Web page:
The 5th Fleet is a hex-based strategical wargame based on the board game 5th Fleet. The game is designed for two players which both take the side of a war party - in matches of a larger scale one war party can include several different countries. The gameplay is strictly turn-based and every day is divided into six rounds (three for each player). Every turn is divided into three phases: submarines, ships and aircraft.
During the phases the players use two different map screens for their planning: the strategic map shows the whole operational zone divided into several areas and the tactical map offers a closer look over one area. The basic orders the players have to give are moving (marking a unit and choosing the goal hex) and attacking (choosing which weapon is used on what target). During longer matches it is also important to take care of replenishment. While naval units have to be moved on the tactical map the players can use the strategic map to plan aircraft movement. As usual for these kind of games everything is represented with abstract symbols on the map.
In single player the game features ten scenarios set in the Indian Ocean or the Persian Gulf with increasing difficulty. There the player takes the role of the American fleet and mostly fights against Russia.
Are you a naval warfare fan? Do you have a copy of Jane's fighting ships on your bookshelf? Do you like the idea of leading the American 5th fleet into combat against Russian and Indian forces (or vice-versa)?
If so then you are going to love this game. It is a faithful representation of the board game released by victory games in the late 1980s, right down to the counters. A lot of board game to pc conversions from the early to mid 90s use flashy 2d/3d graphics to represent the counters. Not 5th fleet. The map and the ships look exactly as they did in the board game. It is a completely faithful representation of the game it is based on.
Personally i did not like this game. But I am not going to mark it down as I think a lot of other people will like it. Here's why I think that. Firstly, it has nice graphics. The interface is complex, but considering the size of the war that is going on in the game, it needs the sort of interface that it has. The combat animations are also nice while the depth of logistical operations is very good. The accompanying information you can get about every ship plane and submarine in the game is defiantly extremely handy as it means you know exactly what you are going up against and can judge your forces accordingly. The only thing lacking in this picture is the sound which is minimal at best.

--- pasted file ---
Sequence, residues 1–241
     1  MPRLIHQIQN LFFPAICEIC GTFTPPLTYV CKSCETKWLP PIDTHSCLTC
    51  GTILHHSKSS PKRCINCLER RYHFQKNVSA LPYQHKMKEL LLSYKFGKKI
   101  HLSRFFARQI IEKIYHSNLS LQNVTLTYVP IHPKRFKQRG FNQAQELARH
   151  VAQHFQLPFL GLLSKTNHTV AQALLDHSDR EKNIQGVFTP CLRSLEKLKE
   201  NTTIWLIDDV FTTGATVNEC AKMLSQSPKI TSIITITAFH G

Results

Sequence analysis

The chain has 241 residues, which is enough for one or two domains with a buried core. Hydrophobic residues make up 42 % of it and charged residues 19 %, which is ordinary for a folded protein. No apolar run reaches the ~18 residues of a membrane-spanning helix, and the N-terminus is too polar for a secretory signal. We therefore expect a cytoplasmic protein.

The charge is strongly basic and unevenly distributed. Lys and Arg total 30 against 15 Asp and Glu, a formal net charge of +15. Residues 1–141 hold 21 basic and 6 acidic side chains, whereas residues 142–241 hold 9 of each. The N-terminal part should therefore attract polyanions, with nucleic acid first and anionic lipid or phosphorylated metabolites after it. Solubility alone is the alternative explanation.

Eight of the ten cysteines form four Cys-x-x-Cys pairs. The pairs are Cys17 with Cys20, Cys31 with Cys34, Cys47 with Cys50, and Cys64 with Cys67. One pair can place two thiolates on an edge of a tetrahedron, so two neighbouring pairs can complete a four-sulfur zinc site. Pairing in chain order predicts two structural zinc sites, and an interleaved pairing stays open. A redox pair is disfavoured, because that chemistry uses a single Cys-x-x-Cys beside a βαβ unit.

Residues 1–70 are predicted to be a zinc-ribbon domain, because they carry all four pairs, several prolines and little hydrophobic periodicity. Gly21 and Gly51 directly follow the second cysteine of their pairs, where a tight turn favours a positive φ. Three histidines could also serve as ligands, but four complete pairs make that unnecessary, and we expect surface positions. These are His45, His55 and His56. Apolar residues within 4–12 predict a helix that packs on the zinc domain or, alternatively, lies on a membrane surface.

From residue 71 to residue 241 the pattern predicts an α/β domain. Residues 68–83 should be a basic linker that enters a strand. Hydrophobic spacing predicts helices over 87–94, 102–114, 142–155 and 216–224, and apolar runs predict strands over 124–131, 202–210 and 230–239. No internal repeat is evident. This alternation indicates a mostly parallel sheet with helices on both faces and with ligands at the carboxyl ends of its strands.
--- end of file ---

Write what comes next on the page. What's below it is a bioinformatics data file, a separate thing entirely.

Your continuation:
The gameplay is a mixture between ammo conservation and solid tactical planning. You will be spending a lot of time searching for enemy submarines. It is essential you don't send units out on their own. You always have to back up your ships and subs with planes that have high submarine detection levels. Also, you will learn the value of conserving your surface to surface missiles as ships can only carry a limited number so you really do have to stretch them as far as you can. There are only 11 scenarios, but due to the random unit placement, this has a lot more variety to it than you would think. That definitely ups the game's replayability.
All in all I give this game a 4. The game is a well made example of a turn based war game so have fun in the sun of the pacific and let the missiles fly.
One of the best board-style wargames ever made, 5th Fleet is a great naval simulation based on Avalon Hill board game of the same name. PC Gamer review has the lowdown on this excellent old game:
"Avalon Hill's new PC edition of 5th Fleet strikes me as one of the finest board-game conversions I've ever seen. The whole game sparkles with crisp, colorful graphics, and boasts one of the cleanest interfaces on the market. Joe Balkoski, designer of the original board game classic, worked closely with project leader Mike Inella, whose Stanley Associates team included veterans with a lot of experience developing software for the military. Everyone concerned wanted to get it right, and it shows. The action takes place in the vast and volatile region bounded on the west by the Gulf of Suez and the Horn of Africa, and on the east by Malaysia. Along with the Indian Ocean, this theater of war also includes all the vital Mid Eastern waterways and strategic choke-points.